Needs Pictures Needs Pictures:  0
Picture(s) thanks Picture(s) thanks:  0
Results 1 to 13 of 13
  1. #1
    Join Date
    Feb 2014
    Location
    Canberra, Australia
    Posts
    369

    Thumbs down I swear there's something wrong with this iron

    Okay, probably not, but ... it's only been a recurring problem with my Luban No. 5.

    Re-ground the primary on the electric bench grinder, then half an hour going through three wetstones (mostly because I didn't get quite on 25 on the grinder so had to remove a lot with the 300 grit with the Mk II), back in the plane, then test it out - it's sharp right along the cambered blade, but has three nicks in it that couldn't possibly have survived the bench grinder, which means I made them while sharpening the blade.

    This keeps happening. It's only my No. 5 so nicks aren't life or death but it's bloody annoying.

    Any over-heating on the bench grinder should make the steel softer not more brittle so I don't know what's going on.

    Sorry, no photos, it's a bit hard to take decent photos of something that small.

  2. # ADS
    Google Adsense Advertisement
    Join Date
    Always
    Location
    Advertising world
    Posts
    Many





     
  3. #2
    Join Date
    Jun 2005
    Location
    Helensburgh
    Posts
    6,951

    Default

    The blade may need grinding back a bit a few because of poor heat treatment. Hollow grind the blade then instead of trying to hone the hollow bevel on the stones place the bevel down on the first stone and slightly lift the blade so the heel of the bevel no longer contacts the stone and put a small micro bevel on the cutting edge only, proceed to the next stone & repeat until you have finished honing. It normally only takes a half a dozen swipes on each stone to et a razor sharp edge and touching up when it gets blunt is a quick exercise as well. From grinding the blade to final honing should take less than five minutes when you get used to it and it also negates the need for setting angles in jigs etc.

    Derek Cohen gives some illustration and advice on this technique here. I like it because it takes literally only a few short minutes to go from nicked blade to back to work.

    http://www.inthewoodshop.com/Woodwor...gStrategy.html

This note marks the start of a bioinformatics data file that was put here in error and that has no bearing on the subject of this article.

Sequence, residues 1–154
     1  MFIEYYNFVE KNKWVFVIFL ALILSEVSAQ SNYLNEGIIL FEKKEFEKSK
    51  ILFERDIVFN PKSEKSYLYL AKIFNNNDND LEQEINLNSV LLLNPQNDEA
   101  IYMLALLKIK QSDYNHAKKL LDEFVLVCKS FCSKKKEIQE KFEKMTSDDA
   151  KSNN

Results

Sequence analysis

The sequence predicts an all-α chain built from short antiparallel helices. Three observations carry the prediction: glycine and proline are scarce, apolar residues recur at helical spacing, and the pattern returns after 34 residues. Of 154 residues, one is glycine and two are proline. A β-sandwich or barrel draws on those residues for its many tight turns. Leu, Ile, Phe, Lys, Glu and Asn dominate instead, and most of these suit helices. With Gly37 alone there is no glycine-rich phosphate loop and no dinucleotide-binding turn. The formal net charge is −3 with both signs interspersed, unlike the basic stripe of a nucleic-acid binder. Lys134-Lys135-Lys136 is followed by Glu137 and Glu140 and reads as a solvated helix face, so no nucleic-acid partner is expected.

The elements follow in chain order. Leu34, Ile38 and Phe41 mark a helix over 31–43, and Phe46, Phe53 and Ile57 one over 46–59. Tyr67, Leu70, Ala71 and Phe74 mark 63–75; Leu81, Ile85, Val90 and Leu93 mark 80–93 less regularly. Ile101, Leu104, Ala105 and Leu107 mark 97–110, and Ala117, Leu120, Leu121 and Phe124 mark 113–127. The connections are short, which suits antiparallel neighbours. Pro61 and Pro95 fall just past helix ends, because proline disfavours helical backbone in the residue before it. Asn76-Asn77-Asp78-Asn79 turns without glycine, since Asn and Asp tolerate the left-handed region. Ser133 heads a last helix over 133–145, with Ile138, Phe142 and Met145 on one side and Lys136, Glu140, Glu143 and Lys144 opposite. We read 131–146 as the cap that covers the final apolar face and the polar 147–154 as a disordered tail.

4. #3
    Join Date
    Feb 2014
    Location
    Canberra, Australia
    Posts
    369

    Default

    I suspect I need to spend more time truing my grinding wheel - I suspect it's getting nicked from high spots on the wheel - the fact that things often go bouncing off the table from vibration is giving me a clue that there's an opportunity for improvement there - so I've just got one of those T-shape diamond dressers and going to see what that does, spend more time balancing the wheel and seeing if I can replace the plastic bushings with steel ones, and also planning to restore an old hand-cranked grinder I just got off Gumtree.

    Anyone know if we can get the Geiger Solution's Tru N Dress diamond point grinding wheel truing jig here in Australia? Though I'm guessing it'd be close to $200 ...

  5. #4
    Join Date
    Dec 2013
    Location
    San Antonio, Texas, USA
    Posts
    3,070

    Default

    Be very careful, your grinding wheel may be failing. Check it thoroughly for cracks, chips or nicks. Mr. Dodds, HS welding teacher, told us that grinders were the second most dangerous shop machine.
    Innovations are those useful things that, by dint of chance, manage to survive the stupidity and destructive tendencies inherent in human nature.

  6. #5
    Join Date
    Feb 2014
    Location
    Canberra, Australia
    Posts
    369

    Default

    It's a brand new aluminium oxide wheel so shouldn't be failing; I wasn't familiar with the concept of truing grinding wheels till recently.

  7. #6
    Join Date
    Dec 2013
    Location
    San Antonio, Texas, USA
    Posts
    3,070

    Default

    Grinder shouldn't be hopping around. If you've used the new wheel under those conditions please have a look. https://www.youtube.com/watch?v=iaoVqUpOrPs
    Innovations are those useful things that, by dint of chance, manage to survive the stupidity and destructive tendencies inherent in human nature.

  8. #7
    Join Date
    Oct 2014
    Location
    Caroline Springs, VIC
    Posts
    1,637

    Default